Remembering A.Q. Khan, the Man Who Gave the World Its Nuclear-Proliferation Problems

On October 10, A.Q. Khan died in Islamabad of complications related to a coronavirus infection. More than any single individual, he contributed to the acquisition of advanced nuclear technology by dangerous and unstable nations. Anthony Ruggiero and Andrea Stricker write:

In the early 1970s, Khan, a metallurgical engineer, exploited his employment at a Dutch company . . . to steal restricted gas-centrifuge-design drawings and documents. Khan later returned to Pakistan to lead Islamabad’s illicit procurement efforts to acquire components and materiel for a centrifuge program, taking advantage of weak European and Japanese export controls on nuclear dual-use equipment to achieve his goal. Khan’s efforts allowed him to rise in prominence within the nuclear weapons complex and, later, in Pakistani society.

Khan reportedly led Islamabad’s successful effort to develop atomic bombs fabricated with highly enriched uranium by 1984. Khan also realized that selling Pakistan’s nuclear capabilities to other countries would turn a handsome profit.

The A.Q. Khan nuclear-proliferation network relied on numerous corrupt companies, manufacturers, engineers, and businessmen worldwide. Khan and his agents grew key nodes of the network in Malaysia, South Africa, Switzerland, Turkey, and the United Arab Emirates. The black-market ring used offshore manufacturing businesses, shell companies, opaque shipping methods, and illicit banking to facilitate the transactions.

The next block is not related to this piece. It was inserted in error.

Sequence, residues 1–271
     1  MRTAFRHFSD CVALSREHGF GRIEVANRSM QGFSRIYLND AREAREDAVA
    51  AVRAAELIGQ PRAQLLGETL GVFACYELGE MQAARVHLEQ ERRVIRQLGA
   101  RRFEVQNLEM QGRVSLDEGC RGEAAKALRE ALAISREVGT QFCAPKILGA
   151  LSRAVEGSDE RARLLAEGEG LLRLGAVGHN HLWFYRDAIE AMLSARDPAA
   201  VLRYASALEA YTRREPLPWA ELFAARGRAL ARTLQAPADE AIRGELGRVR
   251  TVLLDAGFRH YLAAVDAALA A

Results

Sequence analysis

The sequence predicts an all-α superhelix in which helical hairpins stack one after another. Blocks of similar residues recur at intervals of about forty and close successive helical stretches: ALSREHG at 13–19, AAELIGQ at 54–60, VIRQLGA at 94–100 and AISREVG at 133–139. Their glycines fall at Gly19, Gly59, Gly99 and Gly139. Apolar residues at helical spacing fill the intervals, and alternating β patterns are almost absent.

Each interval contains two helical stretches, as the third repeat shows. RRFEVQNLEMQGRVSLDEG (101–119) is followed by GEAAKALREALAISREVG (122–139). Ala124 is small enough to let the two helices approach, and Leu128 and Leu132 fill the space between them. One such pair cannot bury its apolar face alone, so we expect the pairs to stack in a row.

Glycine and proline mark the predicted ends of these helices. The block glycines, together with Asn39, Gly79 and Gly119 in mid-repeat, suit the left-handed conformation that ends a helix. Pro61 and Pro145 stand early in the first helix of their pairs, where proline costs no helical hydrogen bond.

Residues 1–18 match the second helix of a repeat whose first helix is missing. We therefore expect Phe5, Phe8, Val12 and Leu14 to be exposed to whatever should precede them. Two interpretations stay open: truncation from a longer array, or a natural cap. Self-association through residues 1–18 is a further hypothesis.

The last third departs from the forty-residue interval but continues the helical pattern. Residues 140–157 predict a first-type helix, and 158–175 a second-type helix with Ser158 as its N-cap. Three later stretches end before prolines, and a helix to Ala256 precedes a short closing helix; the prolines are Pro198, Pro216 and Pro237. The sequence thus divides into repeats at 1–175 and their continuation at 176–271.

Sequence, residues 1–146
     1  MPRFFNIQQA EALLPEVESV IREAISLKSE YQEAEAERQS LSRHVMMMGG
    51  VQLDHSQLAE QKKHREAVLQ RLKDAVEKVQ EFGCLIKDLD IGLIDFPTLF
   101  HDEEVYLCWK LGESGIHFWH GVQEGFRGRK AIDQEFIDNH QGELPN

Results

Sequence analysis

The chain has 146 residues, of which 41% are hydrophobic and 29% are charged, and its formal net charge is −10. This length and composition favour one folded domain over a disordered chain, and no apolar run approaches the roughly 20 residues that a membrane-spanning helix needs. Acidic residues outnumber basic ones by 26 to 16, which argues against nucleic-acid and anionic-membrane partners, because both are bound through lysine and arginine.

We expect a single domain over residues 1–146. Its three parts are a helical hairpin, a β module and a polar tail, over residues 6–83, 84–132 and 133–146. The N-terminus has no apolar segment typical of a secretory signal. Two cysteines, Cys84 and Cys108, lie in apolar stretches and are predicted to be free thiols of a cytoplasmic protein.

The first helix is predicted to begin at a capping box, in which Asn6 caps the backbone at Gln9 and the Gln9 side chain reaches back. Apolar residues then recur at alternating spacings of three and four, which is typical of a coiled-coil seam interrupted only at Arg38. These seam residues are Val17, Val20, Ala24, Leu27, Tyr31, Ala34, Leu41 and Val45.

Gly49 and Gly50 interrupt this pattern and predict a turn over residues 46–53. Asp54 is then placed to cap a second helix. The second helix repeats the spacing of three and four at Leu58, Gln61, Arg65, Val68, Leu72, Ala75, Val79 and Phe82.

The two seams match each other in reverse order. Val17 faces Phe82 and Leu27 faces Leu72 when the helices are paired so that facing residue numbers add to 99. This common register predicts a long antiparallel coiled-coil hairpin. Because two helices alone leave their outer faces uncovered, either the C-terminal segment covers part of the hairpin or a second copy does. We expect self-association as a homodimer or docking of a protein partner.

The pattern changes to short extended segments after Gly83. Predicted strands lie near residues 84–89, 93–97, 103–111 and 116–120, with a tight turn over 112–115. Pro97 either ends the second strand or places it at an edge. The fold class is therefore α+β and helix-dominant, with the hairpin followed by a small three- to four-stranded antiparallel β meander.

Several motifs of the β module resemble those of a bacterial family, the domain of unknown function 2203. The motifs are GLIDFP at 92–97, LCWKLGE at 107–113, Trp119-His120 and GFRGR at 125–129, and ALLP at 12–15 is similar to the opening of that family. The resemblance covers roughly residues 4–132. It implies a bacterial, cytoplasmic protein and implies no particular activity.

By the time the United States and Europe endeavored to close down the Khan network in 2004, it had sold substantial nuclear equipment and assistance to Iran, Libya, and North Korea, and had reportedly approached others.

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Read more at Dispatch

More about: Iranian nuclear program, Libya, North Korea, Nuclear proliferation, Pakistan

 

Why the Leader of Hamas Went to Russia

Sept. 30 2022

Earlier this month, the Hamas chairman Ismail Haniyeh and several of his colleagues visited Moscow, where they met with Foreign Minister Sergei Lavrov and other Russian officials. According to Arabic-language media, Haniyeh came seeking “new ideas” about how to wage war against the Jewish state. The terrorist group has had good relations with the Kremlin for several years, and even maintains an office in Moscow. John Hardie and Ivana Stradner comment on the timing of the visit:

For Moscow, the visit likely reflects a continuation of its efforts to leverage the Palestinians and other issues to pressure Israel over its stance on Russia’s war in Ukraine. Russia and Israel built friendly relations in the decades following the Soviet Union’s dissolution. After Russia invaded Ukraine in February, Jerusalem condemned the war, but made sure to tread carefully in order to preserve working ties with Moscow, lest Russian military forces in Syria disrupt Israel’s strategically important air operations there.

Nevertheless, bilateral tensions spiked in April after Yair Lapid, then serving as Israel’s foreign minister, joined the chorus of voices worldwide accusing Russia of committing war crimes in Ukraine. Jerusalem later provided Kyiv with some non-lethal military aid and a field hospital. In response, Moscow hardened its rhetoric about Israeli actions in the Palestinian territories.

The Palestinian issue isn’t the only way that Russia has sought to pressure Israel. Moscow is also threatening, on seemingly spurious grounds, to shutter the Russian branch of the Jewish Agency.

Moscow likely has little appetite for outright conflict with Israel, particularly when the bulk of Russia’s military is floundering in Ukraine. But there are plenty of other ways that Russia, which maintains an active intelligence presence in the Jewish state, could damage Israel’s interests. As Moscow cozies up with Hamas, Iran, and other enemies of Israel, Jerusalem—and its American allies—would do well to keep a watchful eye.

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Read more at Algemeiner

More about: Hamas, Israeli Security, Russia